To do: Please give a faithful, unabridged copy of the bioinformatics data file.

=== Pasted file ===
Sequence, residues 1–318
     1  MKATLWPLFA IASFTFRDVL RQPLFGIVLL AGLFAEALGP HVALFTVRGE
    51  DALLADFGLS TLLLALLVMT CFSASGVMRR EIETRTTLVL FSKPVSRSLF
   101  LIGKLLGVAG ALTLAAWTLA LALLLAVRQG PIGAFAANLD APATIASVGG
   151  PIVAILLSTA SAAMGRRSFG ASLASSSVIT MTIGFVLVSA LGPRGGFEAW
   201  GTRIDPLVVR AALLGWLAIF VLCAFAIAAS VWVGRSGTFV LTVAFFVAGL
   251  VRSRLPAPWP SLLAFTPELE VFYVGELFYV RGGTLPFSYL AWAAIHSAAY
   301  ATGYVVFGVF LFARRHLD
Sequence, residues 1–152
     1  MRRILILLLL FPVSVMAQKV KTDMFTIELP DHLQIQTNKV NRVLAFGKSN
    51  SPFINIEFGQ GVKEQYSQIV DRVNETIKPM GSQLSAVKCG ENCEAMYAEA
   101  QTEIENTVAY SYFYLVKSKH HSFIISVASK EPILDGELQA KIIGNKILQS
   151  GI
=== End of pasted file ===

Sequence, residues 1–318
     1  MKATLWPLFA IASFTFRDVL RQPLFGIVLL AGLFAEALGP HVALFTVRGE
    51  DALLADFGLS TLLLALLVMT CFSASGVMRR EIETRTTLVL FSKPVSRSLF
   101  LIGKLLGVAG ALTLAAWTLA LALLLAVRQG PIGAFAANLD APATIASVGG
   151  PIVAILLSTA SAAMGRRSFG ASLASSSVIT MTIGFVLVSA LGPRGGFEAW
   201  GTRIDPLVVR AALLGWLAIF VLCAFAIAAS VWVGRSGTFV LTVAFFVAGL
   251  VRSRLPAPWP SLLAFTPELE VFYVGELFYV RGGTLPFSYL AWAAIHSAAY
   301  ATGYVVFGVF LFARRHLD
Sequence, residues 1–152
     1  MRRILILLLL FPVSVMAQKV KTDMFTIELP DHLQIQTNKV NRVLAFGKSN
    51  SPFINIEFGQ GVKEQYSQIV DRVNETIKPM GSQLSAVKCG ENCEAMYAEA
   101  QTEIENTVAY SYFYLVKSKH HSFIISVASK EPILDGELQA KIIGNKILQS
   151  GI